EM 1110-2-1100 (Part II)
30 Apr 02
Estimation of Nearshore Waves
(1) Coastal engineering considers problems near the shoreline normally in water depths of less than 20 m.
Project designs usually require knowledge of the wave field over an area of 1-10 km2 in which the depth may
vary significantly. Additionally, study of shoreline change and beach protection frequently requires analysis
of coastal processes over entire littoral cells, which may span 10-100 km in length. Wave data are generally
not available at the site or depths required. Often a coastal engineer will find that data have been collected
or hindcast at sites offshore in deeper water or nearby in similar water depths. This chapter provides
procedures for transforming waves from offshore or nearby locations to nearshore locations needed by the
(2) Understanding the processes that affect coastal waves is essential to coastal engineering. Waves
propagating through shallow water are strongly influenced by the underlying bathymetry and currents
(Figure II-3-1). A sloping or undulating bottom, or a bottom characterized by shoals or underwater canyons,
can cause large changes in wave height and direction of travel. Shoals can focus waves, in some cases more
than doubling wave height behind the shoal. Other bathymetric features can reduce wave heights. The
magnitude of these changes is particularly sensitive to wave period and direction and how the wave energy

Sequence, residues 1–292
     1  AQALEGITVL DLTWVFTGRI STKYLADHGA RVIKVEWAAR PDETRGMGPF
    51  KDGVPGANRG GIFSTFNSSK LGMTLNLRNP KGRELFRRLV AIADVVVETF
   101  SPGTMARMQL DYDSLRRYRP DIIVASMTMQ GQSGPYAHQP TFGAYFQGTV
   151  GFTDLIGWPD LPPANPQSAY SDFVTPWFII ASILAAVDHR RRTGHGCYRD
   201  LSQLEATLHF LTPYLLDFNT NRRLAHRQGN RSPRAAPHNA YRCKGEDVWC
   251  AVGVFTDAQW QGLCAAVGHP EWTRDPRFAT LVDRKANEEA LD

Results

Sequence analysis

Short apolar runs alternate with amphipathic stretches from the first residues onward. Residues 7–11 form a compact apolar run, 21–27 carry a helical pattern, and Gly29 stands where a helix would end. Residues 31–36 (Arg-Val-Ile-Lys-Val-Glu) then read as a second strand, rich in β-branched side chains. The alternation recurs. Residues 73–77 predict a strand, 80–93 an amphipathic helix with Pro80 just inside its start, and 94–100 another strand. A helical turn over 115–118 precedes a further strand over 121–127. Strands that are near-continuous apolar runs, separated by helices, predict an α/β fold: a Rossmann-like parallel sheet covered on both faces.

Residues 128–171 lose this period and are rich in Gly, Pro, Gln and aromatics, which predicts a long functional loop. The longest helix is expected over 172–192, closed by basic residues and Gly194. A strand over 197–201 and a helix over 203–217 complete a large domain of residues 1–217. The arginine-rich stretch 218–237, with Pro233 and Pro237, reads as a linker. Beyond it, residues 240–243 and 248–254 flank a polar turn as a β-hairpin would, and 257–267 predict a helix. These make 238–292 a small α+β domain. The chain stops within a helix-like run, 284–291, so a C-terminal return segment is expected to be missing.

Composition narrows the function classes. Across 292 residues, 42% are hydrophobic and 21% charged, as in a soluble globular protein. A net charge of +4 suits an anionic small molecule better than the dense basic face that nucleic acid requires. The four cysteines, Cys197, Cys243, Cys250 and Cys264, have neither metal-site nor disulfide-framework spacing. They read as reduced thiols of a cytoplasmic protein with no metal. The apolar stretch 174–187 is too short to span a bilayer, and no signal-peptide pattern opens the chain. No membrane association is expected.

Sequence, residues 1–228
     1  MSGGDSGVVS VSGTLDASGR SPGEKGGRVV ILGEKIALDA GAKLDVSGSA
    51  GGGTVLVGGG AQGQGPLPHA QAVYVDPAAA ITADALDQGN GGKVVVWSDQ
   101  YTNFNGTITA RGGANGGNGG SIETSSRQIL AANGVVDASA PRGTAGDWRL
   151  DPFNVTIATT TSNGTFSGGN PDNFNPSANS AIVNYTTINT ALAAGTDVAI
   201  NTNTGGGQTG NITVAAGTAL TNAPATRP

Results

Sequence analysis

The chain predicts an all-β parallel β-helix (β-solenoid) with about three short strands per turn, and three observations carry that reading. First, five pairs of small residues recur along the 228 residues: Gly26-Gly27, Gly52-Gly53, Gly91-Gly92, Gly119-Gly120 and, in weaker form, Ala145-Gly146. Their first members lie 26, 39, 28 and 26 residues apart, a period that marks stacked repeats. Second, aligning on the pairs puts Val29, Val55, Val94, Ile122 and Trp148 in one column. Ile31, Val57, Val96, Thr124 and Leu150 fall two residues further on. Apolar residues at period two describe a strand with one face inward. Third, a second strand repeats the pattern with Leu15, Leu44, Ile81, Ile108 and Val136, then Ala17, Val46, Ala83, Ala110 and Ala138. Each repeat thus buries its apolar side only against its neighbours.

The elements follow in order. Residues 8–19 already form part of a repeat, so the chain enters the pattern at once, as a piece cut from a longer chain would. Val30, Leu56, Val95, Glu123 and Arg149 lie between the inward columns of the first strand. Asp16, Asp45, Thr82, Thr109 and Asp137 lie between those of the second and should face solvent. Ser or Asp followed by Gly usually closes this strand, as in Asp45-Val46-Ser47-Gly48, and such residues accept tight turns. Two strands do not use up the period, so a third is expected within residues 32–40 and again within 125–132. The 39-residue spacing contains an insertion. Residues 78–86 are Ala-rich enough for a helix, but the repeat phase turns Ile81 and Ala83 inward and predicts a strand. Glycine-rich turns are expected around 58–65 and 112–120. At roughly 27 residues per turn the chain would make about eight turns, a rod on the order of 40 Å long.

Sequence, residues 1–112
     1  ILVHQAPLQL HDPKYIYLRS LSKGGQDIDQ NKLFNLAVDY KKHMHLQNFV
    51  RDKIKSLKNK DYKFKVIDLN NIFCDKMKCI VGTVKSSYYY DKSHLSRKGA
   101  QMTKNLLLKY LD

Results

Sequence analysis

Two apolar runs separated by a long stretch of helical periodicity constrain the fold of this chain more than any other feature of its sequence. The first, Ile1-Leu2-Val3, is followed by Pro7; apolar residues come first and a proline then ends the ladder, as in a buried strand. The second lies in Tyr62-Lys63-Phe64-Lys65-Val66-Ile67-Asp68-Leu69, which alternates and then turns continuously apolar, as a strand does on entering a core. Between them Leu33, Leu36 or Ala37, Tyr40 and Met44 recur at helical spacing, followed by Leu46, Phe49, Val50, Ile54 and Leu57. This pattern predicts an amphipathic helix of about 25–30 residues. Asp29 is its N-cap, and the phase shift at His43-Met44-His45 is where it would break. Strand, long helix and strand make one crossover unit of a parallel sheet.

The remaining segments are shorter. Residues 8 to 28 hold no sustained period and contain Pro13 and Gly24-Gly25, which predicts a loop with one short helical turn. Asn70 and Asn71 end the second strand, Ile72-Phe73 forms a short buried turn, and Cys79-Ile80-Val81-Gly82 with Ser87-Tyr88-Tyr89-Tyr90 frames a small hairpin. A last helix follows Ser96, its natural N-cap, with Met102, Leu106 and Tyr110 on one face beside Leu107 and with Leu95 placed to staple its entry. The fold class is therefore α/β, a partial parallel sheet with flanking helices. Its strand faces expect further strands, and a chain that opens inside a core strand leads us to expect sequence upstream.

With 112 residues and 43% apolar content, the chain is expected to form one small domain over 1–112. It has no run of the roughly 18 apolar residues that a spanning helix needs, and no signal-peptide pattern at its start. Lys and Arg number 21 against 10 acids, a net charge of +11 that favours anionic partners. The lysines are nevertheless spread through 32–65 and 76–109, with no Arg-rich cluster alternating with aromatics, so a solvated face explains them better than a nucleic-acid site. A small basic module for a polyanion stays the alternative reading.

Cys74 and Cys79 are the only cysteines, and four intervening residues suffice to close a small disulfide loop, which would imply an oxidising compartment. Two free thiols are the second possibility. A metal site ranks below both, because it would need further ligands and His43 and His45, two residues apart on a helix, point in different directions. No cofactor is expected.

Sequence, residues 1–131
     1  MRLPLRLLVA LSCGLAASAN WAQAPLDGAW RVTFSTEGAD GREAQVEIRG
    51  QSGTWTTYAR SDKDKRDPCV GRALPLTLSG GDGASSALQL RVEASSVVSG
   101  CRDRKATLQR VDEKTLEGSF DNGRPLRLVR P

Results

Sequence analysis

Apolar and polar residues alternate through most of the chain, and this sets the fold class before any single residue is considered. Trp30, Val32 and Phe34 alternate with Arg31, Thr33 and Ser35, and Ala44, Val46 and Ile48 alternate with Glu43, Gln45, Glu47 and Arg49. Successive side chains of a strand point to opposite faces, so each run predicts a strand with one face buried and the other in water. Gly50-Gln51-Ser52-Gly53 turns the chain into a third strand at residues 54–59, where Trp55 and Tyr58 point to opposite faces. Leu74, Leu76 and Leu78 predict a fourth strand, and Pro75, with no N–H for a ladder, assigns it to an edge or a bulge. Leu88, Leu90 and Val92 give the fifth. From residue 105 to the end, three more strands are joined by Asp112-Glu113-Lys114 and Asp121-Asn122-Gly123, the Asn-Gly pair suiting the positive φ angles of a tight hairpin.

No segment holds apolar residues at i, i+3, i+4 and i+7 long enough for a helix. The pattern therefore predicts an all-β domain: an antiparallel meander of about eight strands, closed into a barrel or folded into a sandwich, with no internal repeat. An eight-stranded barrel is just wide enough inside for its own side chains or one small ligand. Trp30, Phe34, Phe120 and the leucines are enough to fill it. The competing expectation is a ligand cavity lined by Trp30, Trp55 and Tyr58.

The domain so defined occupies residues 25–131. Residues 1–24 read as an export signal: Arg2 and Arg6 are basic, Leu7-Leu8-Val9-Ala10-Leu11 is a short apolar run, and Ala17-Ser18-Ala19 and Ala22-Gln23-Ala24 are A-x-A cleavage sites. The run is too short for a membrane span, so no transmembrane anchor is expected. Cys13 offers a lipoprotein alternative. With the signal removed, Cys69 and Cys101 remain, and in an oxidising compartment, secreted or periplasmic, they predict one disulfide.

is spread in frequency and direction (Figure II-3-2). In addition, wave interaction with the bottom can cause
wave attenuation. The influence of bathymetry on local wave conditions cannot be overstated as a critical
factor in coastal engineering design.
(3) Wave height is often the most significant factor influencing a project. Designing with a wave height
that is overly conservative can greatly increase the cost of a project and may make it uneconomical.
Conversely, underestimating wave height could result in catastrophic failure of a project or significant
maintenance costs. Approaches for transforming waves are numerous and differ in complexity and accuracy.
Consequently transformation studies require careful analysis. They are but one part of selecting project
design criteria, which will be treated in Part II-9.
(4) Wave transformation across irregular bathymetry is complex. Simplifying assumptions admit valid
and useful approximations for estimating nearshore waves. After this introduction, a basic principles section
provides an overview of the theoretical basis for wave transformation analyses, followed by development of
a simple method for refraction and shoaling estimates. Transformation of irregular waves is then discussed.
Next, advanced wave transformation models currently used by the Corps of Engineers are discussed. A final
section provides guidance on selecting the approach used in calculating wave transformation. This chapter
is primarily directed at open coast wave problems excluding structures such as breakwaters or jetties.
Analyses involving structures are provided in Part II-7.
b. Practical limitations.
(1) The purpose of this chapter is to provide methods for estimating waves at one site given information
at another. The assumption made is that the wave information used as input to the analysis is characteristic
of the waves that would propagate to the site. In each case, the engineer should assure that there is no
limitation of fetch, sheltering of waves, or oddness of bathymetry that would make selection of the input site
Estimation of Nearshore Waves